To create outstanding products, you need to master both discovery and delivery. I won’t go deep into how you do each of them, but I’ll share what great results look like for each phase.
Many people think that product discovery is about validating ideas. I’d disagree with that. Product discovery is all about understanding end users’ problems, then uncovering opportunities to create business outcomes.
It’s fundamental to understand that product discovery happens in the problem space. Yet, it’s easy to slide into the solution space and mess around.
A problem can be solved in multiple ways. If you’re talking about something you can only solve in one way, that’s a solution, not a problem. Step back, and go to the problem space.
So, what happens during product discovery?
Strive to understand your users’ scenario, what matters to them, what jobs they want to get done, their pains, and their wishes. It’s all about understanding what your users care about and identifying opportunities to improve their lives.
The more you understand your users, the clearer their problem becomes.
For example, you know how users care about it, how many users are impacted, how often they face this issue, and how that can enable business value.
Good problem framing makes it easy to decide which problems are worth solving.
Run product experiments to understand what works and what doesn’t.
Experiments are fast and short. You’re talking about hours or days, not weeks. Experiments have expected results, and you decide upon them whether to scale up, pivot, or drop it.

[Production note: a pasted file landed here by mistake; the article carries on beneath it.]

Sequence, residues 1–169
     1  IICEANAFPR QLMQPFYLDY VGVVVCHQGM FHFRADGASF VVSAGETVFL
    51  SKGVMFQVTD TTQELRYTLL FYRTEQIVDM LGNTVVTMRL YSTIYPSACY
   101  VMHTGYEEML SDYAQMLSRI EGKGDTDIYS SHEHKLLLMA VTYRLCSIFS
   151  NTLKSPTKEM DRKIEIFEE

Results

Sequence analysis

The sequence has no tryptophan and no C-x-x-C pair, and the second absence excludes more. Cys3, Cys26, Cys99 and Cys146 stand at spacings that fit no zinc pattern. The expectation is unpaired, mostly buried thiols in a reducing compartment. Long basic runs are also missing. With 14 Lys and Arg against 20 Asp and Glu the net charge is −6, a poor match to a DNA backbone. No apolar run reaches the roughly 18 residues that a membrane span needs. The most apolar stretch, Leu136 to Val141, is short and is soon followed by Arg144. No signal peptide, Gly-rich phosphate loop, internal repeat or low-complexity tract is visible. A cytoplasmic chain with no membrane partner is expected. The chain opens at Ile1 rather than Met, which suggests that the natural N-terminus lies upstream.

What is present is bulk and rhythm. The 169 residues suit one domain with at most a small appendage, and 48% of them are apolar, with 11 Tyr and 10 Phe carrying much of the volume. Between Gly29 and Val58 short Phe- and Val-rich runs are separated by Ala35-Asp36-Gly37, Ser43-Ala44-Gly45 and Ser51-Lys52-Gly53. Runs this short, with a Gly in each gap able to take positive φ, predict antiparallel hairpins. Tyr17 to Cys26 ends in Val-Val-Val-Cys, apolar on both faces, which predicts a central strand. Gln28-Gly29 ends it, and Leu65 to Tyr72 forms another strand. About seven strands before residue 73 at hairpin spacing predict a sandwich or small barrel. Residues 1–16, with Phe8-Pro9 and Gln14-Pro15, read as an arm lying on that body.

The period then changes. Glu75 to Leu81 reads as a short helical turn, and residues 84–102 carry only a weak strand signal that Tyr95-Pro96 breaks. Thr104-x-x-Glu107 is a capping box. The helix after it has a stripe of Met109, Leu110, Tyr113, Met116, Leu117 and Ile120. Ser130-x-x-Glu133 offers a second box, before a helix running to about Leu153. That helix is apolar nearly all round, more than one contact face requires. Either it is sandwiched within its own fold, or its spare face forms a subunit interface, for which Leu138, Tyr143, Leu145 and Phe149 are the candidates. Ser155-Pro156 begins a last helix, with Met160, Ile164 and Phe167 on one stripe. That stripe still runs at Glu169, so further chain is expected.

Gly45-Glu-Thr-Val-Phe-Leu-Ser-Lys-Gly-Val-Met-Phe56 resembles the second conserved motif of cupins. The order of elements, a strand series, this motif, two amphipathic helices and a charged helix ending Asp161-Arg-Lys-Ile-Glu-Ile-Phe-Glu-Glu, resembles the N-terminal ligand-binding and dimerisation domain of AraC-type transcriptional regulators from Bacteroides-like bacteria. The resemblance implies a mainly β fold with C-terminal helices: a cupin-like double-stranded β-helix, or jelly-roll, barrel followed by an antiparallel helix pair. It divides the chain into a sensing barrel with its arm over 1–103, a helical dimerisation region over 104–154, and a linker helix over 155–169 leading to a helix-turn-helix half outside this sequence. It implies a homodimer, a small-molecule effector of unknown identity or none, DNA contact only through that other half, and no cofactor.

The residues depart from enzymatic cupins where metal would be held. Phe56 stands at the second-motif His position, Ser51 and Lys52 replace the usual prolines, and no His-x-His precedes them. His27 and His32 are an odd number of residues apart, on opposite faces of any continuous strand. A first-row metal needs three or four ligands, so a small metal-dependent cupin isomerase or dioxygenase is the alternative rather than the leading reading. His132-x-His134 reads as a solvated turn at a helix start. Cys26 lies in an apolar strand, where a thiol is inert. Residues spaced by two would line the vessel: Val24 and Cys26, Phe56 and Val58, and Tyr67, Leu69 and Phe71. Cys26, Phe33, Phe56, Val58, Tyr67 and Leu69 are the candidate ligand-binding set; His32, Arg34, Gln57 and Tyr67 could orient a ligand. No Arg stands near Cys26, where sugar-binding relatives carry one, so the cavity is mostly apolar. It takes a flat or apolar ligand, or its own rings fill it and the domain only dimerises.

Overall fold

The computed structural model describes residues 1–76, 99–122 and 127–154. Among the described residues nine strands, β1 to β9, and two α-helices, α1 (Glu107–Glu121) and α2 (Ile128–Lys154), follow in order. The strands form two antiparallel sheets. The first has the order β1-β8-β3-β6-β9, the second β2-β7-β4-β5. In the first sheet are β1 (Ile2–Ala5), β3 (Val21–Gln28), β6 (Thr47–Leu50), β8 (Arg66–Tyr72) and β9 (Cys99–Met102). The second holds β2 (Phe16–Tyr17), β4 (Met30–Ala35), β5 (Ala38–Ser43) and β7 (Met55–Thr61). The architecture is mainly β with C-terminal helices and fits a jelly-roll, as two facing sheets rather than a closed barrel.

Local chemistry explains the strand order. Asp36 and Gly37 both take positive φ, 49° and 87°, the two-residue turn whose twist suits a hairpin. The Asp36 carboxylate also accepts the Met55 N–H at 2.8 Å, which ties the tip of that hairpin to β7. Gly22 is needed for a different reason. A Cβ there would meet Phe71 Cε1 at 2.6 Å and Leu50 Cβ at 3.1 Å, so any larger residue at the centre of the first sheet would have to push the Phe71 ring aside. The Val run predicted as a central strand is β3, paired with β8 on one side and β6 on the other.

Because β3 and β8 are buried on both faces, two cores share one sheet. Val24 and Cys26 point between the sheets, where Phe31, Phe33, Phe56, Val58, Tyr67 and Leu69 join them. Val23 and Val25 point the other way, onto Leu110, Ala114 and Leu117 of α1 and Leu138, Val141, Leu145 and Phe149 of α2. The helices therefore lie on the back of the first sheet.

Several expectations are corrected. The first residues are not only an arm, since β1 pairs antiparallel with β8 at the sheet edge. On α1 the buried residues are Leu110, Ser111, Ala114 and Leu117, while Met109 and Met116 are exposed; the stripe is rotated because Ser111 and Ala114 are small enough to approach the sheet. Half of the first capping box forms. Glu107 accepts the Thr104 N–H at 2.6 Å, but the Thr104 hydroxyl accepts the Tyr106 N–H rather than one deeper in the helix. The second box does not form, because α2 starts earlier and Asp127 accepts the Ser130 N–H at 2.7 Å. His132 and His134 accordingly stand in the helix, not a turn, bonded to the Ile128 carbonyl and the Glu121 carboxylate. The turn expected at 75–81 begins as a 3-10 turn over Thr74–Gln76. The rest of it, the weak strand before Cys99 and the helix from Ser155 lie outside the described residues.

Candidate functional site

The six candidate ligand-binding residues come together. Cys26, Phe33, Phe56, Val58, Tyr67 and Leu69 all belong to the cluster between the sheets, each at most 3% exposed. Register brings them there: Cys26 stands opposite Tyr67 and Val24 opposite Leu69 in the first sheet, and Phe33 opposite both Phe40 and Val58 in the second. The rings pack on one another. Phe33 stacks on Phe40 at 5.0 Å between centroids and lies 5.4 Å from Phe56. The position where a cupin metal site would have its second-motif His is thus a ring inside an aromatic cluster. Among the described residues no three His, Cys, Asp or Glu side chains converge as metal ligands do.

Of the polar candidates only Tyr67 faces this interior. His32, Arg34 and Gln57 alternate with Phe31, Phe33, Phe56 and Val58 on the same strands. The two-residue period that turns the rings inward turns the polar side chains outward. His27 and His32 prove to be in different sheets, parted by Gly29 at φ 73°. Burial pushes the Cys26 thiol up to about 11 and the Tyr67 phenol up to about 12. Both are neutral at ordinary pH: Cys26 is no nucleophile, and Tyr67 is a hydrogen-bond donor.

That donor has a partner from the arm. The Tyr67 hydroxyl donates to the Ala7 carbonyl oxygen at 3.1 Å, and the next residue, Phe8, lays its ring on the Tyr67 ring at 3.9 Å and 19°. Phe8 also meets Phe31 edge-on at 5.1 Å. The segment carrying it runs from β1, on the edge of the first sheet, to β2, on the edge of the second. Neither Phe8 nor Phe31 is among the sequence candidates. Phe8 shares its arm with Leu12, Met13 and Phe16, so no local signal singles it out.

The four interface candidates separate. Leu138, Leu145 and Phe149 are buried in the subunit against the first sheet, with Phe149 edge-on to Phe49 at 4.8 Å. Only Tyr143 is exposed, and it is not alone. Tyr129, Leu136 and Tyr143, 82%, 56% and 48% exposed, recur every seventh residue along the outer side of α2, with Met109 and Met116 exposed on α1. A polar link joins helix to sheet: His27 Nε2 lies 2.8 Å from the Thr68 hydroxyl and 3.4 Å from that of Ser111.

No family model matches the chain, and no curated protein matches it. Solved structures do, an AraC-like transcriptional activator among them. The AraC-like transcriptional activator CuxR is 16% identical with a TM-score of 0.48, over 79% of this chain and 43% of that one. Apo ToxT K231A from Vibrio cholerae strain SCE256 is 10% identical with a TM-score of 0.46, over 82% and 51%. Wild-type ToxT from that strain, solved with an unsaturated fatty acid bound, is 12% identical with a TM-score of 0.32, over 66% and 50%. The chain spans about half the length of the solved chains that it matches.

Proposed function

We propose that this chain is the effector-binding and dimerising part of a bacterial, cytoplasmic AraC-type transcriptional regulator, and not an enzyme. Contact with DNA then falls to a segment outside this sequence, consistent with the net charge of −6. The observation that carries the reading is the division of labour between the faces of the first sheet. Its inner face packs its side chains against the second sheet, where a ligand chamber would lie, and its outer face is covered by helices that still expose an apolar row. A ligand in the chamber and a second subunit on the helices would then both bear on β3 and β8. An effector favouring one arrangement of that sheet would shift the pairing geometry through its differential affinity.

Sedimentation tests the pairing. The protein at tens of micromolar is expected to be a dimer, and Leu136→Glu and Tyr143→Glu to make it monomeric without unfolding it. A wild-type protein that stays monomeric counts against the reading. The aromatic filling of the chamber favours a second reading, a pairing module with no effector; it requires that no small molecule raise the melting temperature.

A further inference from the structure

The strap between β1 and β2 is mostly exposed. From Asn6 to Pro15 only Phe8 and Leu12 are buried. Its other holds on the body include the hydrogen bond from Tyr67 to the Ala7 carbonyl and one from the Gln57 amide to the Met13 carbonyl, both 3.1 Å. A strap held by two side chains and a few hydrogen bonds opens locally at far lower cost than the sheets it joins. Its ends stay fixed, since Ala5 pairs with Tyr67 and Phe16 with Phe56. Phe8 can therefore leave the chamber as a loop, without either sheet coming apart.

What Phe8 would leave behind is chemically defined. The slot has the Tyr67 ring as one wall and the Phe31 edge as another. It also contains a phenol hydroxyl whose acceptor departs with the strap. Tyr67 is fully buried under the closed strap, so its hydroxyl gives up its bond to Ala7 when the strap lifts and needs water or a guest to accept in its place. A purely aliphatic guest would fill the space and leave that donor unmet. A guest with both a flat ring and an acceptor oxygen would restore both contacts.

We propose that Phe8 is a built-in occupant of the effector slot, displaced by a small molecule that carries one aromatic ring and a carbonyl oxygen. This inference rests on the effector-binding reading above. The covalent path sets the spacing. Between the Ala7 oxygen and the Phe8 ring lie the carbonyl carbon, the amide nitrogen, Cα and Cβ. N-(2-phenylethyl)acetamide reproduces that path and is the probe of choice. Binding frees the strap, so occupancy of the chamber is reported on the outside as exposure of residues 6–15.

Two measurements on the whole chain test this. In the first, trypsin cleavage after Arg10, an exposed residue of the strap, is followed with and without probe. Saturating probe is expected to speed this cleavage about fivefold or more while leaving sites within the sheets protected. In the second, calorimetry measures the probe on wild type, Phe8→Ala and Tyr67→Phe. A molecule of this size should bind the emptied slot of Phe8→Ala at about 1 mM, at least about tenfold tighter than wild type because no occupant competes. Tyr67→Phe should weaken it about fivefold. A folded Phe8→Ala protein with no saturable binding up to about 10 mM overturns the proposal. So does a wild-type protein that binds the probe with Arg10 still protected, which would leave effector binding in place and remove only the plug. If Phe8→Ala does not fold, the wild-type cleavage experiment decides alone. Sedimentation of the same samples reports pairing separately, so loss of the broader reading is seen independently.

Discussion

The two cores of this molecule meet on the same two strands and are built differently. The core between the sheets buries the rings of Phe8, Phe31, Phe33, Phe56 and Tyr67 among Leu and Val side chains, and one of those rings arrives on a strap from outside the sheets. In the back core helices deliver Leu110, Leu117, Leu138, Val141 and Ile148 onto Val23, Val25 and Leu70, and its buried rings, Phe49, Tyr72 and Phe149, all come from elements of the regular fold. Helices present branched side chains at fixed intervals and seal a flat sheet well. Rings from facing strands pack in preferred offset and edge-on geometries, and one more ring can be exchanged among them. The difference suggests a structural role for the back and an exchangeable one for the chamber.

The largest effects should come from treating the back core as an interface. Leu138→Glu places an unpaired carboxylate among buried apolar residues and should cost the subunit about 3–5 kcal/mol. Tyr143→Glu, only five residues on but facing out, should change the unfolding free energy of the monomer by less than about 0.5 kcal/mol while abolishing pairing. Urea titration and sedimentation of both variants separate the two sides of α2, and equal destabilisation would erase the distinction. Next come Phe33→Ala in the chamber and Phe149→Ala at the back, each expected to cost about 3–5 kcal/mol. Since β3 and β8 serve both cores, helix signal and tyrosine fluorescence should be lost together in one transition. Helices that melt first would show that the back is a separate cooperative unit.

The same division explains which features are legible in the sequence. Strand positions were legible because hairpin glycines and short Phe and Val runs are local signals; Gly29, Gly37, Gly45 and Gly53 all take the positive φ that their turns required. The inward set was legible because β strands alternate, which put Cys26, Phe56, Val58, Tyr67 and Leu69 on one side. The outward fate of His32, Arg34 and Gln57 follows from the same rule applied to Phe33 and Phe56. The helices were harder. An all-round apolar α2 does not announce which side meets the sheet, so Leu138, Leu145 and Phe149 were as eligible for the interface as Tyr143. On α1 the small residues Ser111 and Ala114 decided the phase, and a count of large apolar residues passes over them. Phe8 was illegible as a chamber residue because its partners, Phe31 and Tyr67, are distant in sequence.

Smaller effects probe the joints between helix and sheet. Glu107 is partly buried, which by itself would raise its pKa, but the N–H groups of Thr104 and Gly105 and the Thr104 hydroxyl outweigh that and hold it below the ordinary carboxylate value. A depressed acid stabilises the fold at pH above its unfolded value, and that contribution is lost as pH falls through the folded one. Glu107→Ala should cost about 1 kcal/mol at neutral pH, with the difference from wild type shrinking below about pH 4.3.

Avoid common traps
Good product discovery won’t confirm your assumptions, but it’ll uncover the unknown.
A falsification mindset is powerful in creating knowledge. Instead of striving to validate assumptions, you aim to prove yourself wrong. With such openness, you can avoid confirmation bias and commitment escalation.
Product discovery isn’t just an input to product delivery. They overlap and happen in parallel.
Treating delivery as a phase after discovery will create a waterfall effect and trap the team.
It’s not about receiving requirements and implementing solutions. It’s about building to learn and scaling up based on evidence.
After a successful discovery, you may get excited about the solution you uncovered. Be careful: just because it worked with a smaller user group doesn’t mean it’ll work with a bigger cohort.
Keep a learning mindset throughout the journey.
To make product discovery endeavors successful, you should:
The shorter your release cycle is, the faster you learn. Outstanding product companies do several releases per day. Of course, you need to understand your scenario. You cannot move from three months’ release to daily. But you can move to monthly, bi-weekly, weekly, and daily.
Never assume impact. Measure the result. It’s not about measuring how long you took to get a solution live but understanding how it creates value. Build to learn.
In the past, teams used to invest months implementing solutions, then releasing them to the whole audience at once. This approach is dangerous. If something goes wrong, it’ll impact your entire audience. A better approach is starting with a smaller audience and scaling gradually based on evidence.
“Winning products come from the deep understanding of the user’s needs combined with an equally deep understanding of what’s just now possible.”
Be curious and humble
The digital product world is challenging because of its complexity. Curiosity and humility are vital traits to enable you to succeed.
You should be curious to discover untraveled roads and humble enough to drop your ideas when you learn they make no sense to your audience.
Great product teams work relentlessly to solve problems. They create state-of-the-art solutions, though that is a means to an end. Solutions are only valuable when people can use them to make their lives better. Otherwise, they are worthless.
You’ve got to pick which problems are worth solving carefully. The way to do that is to master product discovery. Without effective discovery, you’ll fall into endless traps and end up frustrated.
Do what’s right, not what’s easy
Delivering solutions is easy. Creating valuable solutions is hard.